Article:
Over the past week we have examined and discussed how the brain takes information
in and what our brains do with the material: how we use it to make decisions. We also
spent a week examining various strategies for problem solving and thinking skills. Each
has its own focus and strength, blind-side and weakness: part of thinking critically and
making decisions is being able to examine the strengths and weaknesses of incoming
Use the Niagara College facilities and database, and research a thinking strategy or
problem solving technique we did not cover in class.
1. Explain how/why it was developed and how it works (Who, What, Why, Where, How
“ looking for history and context).
2. Contrast of this process by comparing it to one of the strategies discussed in class.
3. Apply the strategy you researched to a fictitious (but believable) problem:
demonstrate how it operates (explain step by step the process).
“ Make sure to be objective and clear when presenting the information.
“ Use a situation or problem that could exist: you don’t have to draw on your personal
experience (for example, how to choose which college or which program to attend) but
you can if you so desire.
Format “ Your response will be composed of the following:
“ cover page with your class, section number, date and name
“ 2 “ 4 double-spaced typed pages: approximately 300 “ 600 words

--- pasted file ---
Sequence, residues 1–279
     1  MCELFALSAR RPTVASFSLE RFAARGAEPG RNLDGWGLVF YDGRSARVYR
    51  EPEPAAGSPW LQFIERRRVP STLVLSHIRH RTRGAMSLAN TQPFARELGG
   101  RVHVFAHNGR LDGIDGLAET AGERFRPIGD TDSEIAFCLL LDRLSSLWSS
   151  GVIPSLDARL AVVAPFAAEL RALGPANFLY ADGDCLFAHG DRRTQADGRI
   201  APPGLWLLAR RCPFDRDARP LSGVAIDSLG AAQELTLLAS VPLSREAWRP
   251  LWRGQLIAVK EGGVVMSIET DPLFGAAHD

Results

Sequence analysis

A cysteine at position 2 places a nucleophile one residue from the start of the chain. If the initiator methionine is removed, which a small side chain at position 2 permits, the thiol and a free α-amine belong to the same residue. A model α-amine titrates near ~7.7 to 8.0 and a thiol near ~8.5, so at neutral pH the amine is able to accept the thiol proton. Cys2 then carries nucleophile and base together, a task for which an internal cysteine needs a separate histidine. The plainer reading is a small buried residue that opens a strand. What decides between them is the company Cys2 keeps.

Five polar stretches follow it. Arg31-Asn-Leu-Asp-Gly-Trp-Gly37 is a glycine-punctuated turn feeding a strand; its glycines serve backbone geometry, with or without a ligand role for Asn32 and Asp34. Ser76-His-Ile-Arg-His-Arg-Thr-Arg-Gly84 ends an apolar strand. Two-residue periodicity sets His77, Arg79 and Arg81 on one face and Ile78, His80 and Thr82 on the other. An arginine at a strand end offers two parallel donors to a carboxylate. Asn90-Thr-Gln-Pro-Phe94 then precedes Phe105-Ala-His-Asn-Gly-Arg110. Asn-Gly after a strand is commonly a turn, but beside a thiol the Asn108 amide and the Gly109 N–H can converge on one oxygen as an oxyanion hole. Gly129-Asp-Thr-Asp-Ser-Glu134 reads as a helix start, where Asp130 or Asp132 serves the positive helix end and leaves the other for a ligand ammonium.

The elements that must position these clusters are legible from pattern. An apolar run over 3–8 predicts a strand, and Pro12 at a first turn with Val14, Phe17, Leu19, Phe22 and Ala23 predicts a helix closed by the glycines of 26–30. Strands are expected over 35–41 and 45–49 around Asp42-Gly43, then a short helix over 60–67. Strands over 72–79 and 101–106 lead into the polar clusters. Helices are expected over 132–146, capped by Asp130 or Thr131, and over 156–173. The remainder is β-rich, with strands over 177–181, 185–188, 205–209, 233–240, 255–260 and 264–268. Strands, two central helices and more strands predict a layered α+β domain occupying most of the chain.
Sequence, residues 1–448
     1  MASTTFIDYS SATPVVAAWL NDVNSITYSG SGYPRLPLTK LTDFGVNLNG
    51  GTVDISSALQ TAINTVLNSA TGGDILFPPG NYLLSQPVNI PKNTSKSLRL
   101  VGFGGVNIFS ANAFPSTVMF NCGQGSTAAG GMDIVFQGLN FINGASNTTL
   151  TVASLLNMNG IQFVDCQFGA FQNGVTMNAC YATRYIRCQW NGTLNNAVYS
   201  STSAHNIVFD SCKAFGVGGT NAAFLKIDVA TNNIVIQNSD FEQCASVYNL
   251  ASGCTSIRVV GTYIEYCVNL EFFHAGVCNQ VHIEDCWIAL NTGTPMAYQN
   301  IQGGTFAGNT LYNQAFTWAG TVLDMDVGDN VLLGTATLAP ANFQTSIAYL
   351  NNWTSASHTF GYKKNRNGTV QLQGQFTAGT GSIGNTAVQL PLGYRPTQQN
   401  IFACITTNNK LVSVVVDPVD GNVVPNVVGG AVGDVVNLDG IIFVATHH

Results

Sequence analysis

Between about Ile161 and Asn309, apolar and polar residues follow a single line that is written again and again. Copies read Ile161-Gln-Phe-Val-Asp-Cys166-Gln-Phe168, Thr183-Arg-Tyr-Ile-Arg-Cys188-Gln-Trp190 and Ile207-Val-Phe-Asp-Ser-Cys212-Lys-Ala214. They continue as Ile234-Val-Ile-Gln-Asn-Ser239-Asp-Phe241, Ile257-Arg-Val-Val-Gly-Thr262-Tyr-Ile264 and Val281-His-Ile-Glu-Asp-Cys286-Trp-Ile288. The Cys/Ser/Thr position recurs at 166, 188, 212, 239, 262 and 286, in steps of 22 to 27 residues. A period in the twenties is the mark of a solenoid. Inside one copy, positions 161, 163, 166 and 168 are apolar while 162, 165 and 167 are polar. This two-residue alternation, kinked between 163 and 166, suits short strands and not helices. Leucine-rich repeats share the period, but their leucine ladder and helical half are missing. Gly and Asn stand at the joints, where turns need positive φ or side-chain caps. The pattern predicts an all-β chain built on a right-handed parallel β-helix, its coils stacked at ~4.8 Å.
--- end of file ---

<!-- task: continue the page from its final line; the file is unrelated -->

“ IEEE or APA formatting for in-text citations and your References page (3 sources)
Visuals, charts, graphs, or other materials are more than welcome inclusions: please
ensure you reference them. As always, it is expected you will follow Standard English
“ Clear presentation of the strategy to be profiled “ originator, history, etc. (4)
“ Examination of strength/weakness (4)
“ Contrast with another strategy from class discussions/materials (2)
“ Presentation of scenario and solution steps (3)
“ Relevant, reliable and appropriate sources used
“ Information incorporated well (summary/paraphrase) and not misrepresented
“ Standard formatting followed (see NC Libraries Study Guide: Citation help)
“ Spelling, grammar, word choice:
perfect/minimal errors “ no confusion (3);
few major errors “ some minor errors “ minor confusion (2),
many major/minor errors “ many areas unclear (1); meaning totally lost (0)